Reviews

What the Toll Tells

Author: Richard Pietsch
01/02/2006 | Kyndmusic.com | www.kyndmusic.com | Album Review
For those of you who don't know yet, Adam Stephens and Tyson Vogel are Two Gallants and come February their second full length album will be out. Certain albums are just a pleasure to get to write about. This is one of those albums.

With What the Toll Tells, Two Gallants have produced a wonderfully complex album. Its complexity is impressive in itself considering the tracks feature only these two gentlemen. Stephens leads with lead vocals and guitar, while Vogel backs up with drums. It's astounding even on first listen as these songs are instrumented so incredibly well.

Two Gallants' sophomore effort comes as a bit of a surprise. While there might not be lines forming at midnight the night before it goes on sale, there is definitely a buzz surrounding it (and for good reason). These gentlemen have an amazing style which appeals to so many different tastes. This album has flares of alt. country, Americana, folk, and jam from a duo who belong to one of the most well known and respected independent labels of the decade (Saddle Creek).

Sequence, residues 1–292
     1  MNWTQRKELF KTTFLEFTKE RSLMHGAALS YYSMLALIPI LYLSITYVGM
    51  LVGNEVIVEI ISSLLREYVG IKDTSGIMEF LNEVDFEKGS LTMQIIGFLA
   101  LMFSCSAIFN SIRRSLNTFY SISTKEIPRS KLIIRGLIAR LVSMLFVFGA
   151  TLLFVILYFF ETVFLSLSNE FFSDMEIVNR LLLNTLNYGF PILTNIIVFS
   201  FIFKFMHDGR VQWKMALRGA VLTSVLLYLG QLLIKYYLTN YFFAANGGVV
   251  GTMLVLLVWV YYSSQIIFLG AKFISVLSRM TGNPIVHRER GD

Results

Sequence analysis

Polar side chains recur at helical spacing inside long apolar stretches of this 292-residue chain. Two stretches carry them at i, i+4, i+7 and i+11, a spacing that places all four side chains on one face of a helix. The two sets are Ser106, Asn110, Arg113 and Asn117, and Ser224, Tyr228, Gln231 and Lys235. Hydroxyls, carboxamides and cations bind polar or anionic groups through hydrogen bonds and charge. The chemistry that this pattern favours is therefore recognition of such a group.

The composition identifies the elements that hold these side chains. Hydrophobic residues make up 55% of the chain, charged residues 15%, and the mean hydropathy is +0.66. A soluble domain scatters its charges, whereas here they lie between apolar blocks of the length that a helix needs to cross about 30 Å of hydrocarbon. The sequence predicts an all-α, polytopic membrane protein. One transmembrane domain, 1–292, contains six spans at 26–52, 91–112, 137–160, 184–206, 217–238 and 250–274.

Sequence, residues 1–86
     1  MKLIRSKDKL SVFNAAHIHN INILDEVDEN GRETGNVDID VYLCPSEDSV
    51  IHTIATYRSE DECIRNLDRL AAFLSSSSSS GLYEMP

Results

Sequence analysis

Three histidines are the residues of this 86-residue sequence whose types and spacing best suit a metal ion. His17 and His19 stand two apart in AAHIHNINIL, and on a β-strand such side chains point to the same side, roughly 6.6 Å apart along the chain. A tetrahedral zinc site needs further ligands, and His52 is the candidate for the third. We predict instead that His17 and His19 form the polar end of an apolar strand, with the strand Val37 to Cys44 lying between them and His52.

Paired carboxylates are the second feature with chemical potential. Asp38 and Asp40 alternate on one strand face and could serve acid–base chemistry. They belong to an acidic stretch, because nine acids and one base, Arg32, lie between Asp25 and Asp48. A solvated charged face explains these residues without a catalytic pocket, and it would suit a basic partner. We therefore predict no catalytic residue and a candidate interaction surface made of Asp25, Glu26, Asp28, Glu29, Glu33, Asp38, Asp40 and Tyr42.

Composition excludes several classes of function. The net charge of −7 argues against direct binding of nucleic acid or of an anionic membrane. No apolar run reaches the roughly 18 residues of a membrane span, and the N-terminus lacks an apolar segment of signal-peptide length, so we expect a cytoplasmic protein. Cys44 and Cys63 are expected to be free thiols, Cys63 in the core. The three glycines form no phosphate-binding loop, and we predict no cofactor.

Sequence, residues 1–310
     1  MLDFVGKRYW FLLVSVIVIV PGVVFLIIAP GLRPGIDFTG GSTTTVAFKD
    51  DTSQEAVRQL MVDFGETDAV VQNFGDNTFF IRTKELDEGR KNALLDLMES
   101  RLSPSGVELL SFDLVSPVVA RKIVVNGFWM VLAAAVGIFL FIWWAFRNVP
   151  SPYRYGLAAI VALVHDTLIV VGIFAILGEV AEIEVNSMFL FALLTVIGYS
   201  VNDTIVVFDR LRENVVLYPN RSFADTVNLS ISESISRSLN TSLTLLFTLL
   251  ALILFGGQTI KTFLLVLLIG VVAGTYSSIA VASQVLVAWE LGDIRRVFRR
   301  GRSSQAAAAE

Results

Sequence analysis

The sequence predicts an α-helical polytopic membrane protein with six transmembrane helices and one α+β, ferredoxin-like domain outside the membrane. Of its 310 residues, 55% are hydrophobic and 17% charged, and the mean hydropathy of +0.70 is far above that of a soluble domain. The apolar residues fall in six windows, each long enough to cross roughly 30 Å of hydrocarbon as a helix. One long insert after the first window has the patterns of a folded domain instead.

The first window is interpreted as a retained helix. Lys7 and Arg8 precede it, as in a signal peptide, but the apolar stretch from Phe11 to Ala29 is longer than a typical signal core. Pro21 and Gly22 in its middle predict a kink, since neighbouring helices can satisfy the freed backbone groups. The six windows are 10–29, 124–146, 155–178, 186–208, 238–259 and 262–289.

What the Toll Tells is gorgeous in so many ways. From start to finish, it's totally analog. Even its coarse moments, such as the verses of "Las Cruces Jail" or the refrain of "Amber Waves of Grain", are just so warm. I don't want to say it's a feat of production, but it's not something you hear so much in a time when Pro Tools is on laptops all over this country. On the whole it just works so well for these narrative tracks.

Referring to the songs as "narratives" doesn't really do them justice. Yes, they tell stories, but it just seems so real. Stephens has a way of drawing the listener into every word he sings, or screams, or bleats. "Threnody in Minor B" is one of the most painfully beautiful songs I have heard in a long time. With the employment of some staccato strings, the ten minute dirge swells and recedes as if mimicking the balance between life and death.

My only issue comes in response to the blitzkrieg of shrieking guitar and clashing cymbals on the track "16th St. Dozens". The only flimsy track on this disk jumps from raucous noise to a simple melody over a sweet progression, then back to a thrashing punk screaming bout only to add a horn line that screams Reel Big Fish.

But with that said, with the exception of this one track everything is just right in place. The flow of the album is impeccable. For what Two Gallants lack in size they make up in structured sound. What the Toll Tells is easily one of the first gems of 2006.

Don't forget to come back next month and read our interview with the guys.
What the Toll Tells

What the Toll Tells

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